We do want to make you aware of procedures to follow with your 11.07 Writ of Habeas Corpus records which go to the Texas Court of Criminal Appeals.
Picture this: you just filed your 11.07 writ of habeas corpus application, and you are about to have your records sent to the Texas Court of Criminal Appeals for determination. You either had a hearing, the court received evidence, or maybe the court didn’t do anything, but there’s one thing you forgot: You didn’t attach all of your records.
It is critical that you attach all the records you want when you file your 11.07 Writ of Habeas Corpus application because if you fail to do this your case could be thrown out or not overturned in a situation that would have been mitigated by the records you could have sent.
The clerk will send the required statutory documents that must be filed in every case, but that doesn’t include things that may still be very important, such as your trial court transcript or motions that you may have filed, which may be the subject of your 11.07 Writ application.
It involves some basic information such as an indictment, judgment, and similar information.
11.07 Writ Application
If you want other records to go with your 11.07 Writ of Habeas Corpus application, you need to tell the clerk that you want that 11.07 Writ application record supplemented and that you are wanting these particular things attached.
In particular circumstances, the clerk may not attach the records even if you provide them.
To circumvent this issue altogether, attach whatever it is that you want the Texas Court of Criminal Appeals to look at to your application and send it to the clerk so that they will forward the application. Label exhibits of the things you want to attach.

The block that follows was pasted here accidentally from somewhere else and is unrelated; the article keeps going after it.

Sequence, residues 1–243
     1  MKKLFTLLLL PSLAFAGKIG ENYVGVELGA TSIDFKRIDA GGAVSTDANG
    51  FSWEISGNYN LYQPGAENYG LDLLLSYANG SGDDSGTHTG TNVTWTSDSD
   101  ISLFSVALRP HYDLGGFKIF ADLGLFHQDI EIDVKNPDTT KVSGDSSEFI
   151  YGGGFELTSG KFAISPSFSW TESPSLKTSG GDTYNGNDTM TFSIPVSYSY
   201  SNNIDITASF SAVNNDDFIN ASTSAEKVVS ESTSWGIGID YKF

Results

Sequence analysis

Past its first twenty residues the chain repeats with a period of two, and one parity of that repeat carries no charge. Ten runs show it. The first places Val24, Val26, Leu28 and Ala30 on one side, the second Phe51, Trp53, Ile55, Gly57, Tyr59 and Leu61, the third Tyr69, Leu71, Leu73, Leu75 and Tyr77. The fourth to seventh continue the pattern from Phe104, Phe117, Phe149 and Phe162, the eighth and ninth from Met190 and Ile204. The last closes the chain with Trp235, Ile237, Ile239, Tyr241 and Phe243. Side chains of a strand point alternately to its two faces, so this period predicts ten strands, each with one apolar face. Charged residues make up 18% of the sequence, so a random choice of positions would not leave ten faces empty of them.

You may not want to attach all of the records available to you. If a record is not generally deemed important in the determination of an issue, you can leave it out. Otherwise, it is recommended to include all of the records in your 11.07 Writ application.
If you fail to send in the records to the Texas Court of Criminal Appeals, they will simply use the records that were provided to them.
Thus, something that is perfectly obvious to you may be unknown to them, and unless the records they have specifically and clearly mention another record, they may not even know of its absence.
Let’s say your attorney you were alleging ineffective assistance of counsel because your attorney failed to act properly in a motion to suppress hearing.
If you fail to provide the motion to suppress and transcript to the court that you are alleging these things, they may be confused, deny your Writ or you may have a more difficult time proving that your attorney was ineffective.
Remember to submit your records, and if you don’t know if a record is essential, it’s probably best to submit it in your 11.07 Writ application.
About The Attorney
Jacob Blizzard is board certified in both criminal law and criminal appellate law.
He regularly practices in the areas of state and federal criminal defense, criminal appeals, post conviction writs of habeas corpus.
In Texas, there are more than 100,000 attorneys licensed to practice, but only 7,450 are board certified.
In the entire State of Texas, as of the 2019 certification year, there were only 87 attorneys board certified in both criminal law and criminal appellate law, making Mr. Blizzard one of 0.087% of attorneys in Texas to hold both of those certifications.